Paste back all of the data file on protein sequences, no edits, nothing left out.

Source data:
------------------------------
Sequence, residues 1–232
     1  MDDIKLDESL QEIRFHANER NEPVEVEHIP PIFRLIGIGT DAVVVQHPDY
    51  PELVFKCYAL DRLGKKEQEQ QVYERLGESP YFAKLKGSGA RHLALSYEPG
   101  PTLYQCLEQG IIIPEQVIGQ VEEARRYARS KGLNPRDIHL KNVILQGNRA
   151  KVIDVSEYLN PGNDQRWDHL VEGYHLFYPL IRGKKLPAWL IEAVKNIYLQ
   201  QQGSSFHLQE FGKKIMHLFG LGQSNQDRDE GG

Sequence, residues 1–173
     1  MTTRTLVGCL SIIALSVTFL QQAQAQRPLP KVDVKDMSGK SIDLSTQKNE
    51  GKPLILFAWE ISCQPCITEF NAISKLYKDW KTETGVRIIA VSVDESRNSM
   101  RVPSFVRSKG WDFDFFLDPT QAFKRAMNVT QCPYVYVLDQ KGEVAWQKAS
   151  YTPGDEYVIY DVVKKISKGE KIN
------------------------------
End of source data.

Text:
Sequence, residues 1–232
     1  MDDIKLDESL QEIRFHANER NEPVEVEHIP PIFRLIGIGT DAVVVQHPDY
    51  PELVFKCYAL DRLGKKEQEQ QVYERLGESP YFAKLKGSGA RHLALSYEPG
   101  PTLYQCLEQG IIIPEQVIGQ VEEARRYARS KGLNPRDIHL KNVILQGNRA
   151  KVIDVSEYLN PGNDQRWDHL VEGYHLFYPL IRGKKLPAWL IEAVKNIYLQ
   201  QQGSSFHLQE FGKKIMHLFG LGQSNQDRDE GG

Sequence, residues 1–173
     1  MTTRTLVGCL SIIALSVTFL QQAQAQRPLP KVDVKDMSGK SIDLSTQKNE
    51  GKPLILFAWE ISCQPCITEF NAISKLYKDW KTETGVRIIA VSVDESRNSM
   101  RVPSFVRSKG WDFDFFLDPT QAFKRAMNVT QCPYVYVLDQ KGEVAWQKAS
   151  YTPGDEYVIY DVVKKISKGE KIN